The great thing about options trading is that it is such a versatile financial instrument. It is possible to find option trading strategies that will suite most market situations. Whereas with stock trading you have to be right about the direction of the trade, options allow much more flexibility.
There are various options trading strategies which I will list below.
This is a directional play. You can open either bearish or bullish positions. What is unique about this position is that both the maximum loss and the maximum profits are capped and depending on the strike combinations you choose you can alter the break-even point and the ratio between maximum profit and maximum loss to meet your risk-reward ratio option trading strategies.
This is a fairly “safe” position since losses are capped.
This is an option strategy that involves buying and selling options of different expiration months. This strategy is NOT for beginners since this adds extra complexity. Calendar spreads are a relatively non-directional play since they come into profit within a certain price range. The maximum profit and loss are capped.
The key point about calendar spreads is that they are extremely sensitive to VOLATILITY, especially of the option expiring in the near month. Predicting the direction of VOLATILITY rather than PRICE is critical to profiting in this position.
Straddles / strangles:
These positions profit within a certain price range. When selling a straddle / strangle profit is made within a certain price range. Profits are capped and losses are unlimited. Due to the risk of unlimited losses, it is generally unwise to open these types of trades.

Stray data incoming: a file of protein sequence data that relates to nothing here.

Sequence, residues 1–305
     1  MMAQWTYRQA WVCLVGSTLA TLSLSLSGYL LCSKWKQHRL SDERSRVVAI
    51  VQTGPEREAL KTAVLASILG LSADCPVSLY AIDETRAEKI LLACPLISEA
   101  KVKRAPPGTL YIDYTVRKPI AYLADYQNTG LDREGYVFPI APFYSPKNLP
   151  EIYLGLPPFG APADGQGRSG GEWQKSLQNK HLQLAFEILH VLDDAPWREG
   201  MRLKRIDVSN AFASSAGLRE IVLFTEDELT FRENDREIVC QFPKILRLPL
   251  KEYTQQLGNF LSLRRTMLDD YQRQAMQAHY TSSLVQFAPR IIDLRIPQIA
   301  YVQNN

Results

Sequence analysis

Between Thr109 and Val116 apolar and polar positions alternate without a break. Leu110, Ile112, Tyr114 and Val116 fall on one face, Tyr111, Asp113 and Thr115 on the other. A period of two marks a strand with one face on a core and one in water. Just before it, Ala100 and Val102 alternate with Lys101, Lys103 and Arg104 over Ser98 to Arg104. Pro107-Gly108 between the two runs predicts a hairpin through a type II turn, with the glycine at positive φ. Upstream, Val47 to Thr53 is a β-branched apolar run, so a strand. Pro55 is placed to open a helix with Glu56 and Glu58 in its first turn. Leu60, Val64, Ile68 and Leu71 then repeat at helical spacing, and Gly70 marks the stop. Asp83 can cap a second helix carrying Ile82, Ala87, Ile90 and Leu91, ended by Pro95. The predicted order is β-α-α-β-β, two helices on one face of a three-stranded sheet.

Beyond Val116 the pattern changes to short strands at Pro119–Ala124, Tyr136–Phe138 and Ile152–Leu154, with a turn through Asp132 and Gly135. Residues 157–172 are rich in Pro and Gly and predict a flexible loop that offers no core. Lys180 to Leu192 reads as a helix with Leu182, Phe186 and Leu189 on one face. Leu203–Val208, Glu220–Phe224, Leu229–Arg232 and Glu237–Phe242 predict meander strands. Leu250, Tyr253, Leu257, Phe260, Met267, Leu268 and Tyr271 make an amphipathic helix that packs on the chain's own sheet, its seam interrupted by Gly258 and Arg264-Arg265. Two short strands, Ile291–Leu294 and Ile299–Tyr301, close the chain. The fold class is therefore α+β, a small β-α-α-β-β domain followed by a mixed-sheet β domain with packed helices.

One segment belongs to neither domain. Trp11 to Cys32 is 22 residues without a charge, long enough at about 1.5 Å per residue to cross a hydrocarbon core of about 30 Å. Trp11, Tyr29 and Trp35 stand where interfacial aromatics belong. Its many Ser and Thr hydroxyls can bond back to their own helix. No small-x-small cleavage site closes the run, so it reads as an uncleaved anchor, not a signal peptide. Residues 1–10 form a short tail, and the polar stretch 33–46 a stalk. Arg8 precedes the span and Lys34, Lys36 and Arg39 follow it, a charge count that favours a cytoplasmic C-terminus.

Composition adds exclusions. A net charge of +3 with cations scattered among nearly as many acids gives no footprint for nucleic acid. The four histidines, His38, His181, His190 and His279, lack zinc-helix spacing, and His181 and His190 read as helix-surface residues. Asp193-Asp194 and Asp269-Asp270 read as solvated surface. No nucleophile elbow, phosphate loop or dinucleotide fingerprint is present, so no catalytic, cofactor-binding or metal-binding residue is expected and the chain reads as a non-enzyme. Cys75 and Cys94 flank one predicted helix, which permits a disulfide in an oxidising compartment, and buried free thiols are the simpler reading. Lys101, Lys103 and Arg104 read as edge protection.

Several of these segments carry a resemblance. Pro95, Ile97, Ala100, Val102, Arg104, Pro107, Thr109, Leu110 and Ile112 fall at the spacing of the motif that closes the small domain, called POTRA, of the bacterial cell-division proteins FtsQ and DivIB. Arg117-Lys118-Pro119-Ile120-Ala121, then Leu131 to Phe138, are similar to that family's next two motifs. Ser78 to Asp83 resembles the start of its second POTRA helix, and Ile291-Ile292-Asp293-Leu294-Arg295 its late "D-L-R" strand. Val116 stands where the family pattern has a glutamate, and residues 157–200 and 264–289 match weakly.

When BUYING straddles / strangles, profit is made if the options move OUTSIDE a certain price range. Profits are unlimited and losses are capped. This can be a decent strategy to use if you expect a large price movement but are unsure of the direction (for example earnings results). This position, like calendar spreads, is highly sensitive to VOLATILITY. Since this strategy is highly VEGA positive, the position profits if volatility increases. (Vega is one of the “options Greeks” which indicates the effect of volatility on the position).
Butterfly spreads, Condors and Iron Condors:
These three trades have the following in common – they profit if the price stays within a certain range, profits
and losses are capped and they benefit from DECREASES in volatility. These non-directional strategies are appropriate when you think the underlying asset will trade within a certain range. Another feature is that they can also be nicely ADJUSTED to respond to changes in market conditions.
The above is a very short summary. Options trading is a rather complex field, but if one invests some time it IS possible to learn to use effectively. Indeed options really are a key tool to complement your investing knowledge.
Options can be used as a speculative tool, however there are many strategies which can be used CONSERVATIVELY. Before starting out you should read some books about option trading strategies. However the knowledge you can gain for books is limited. It is best to learn directly from traders through an options trading course.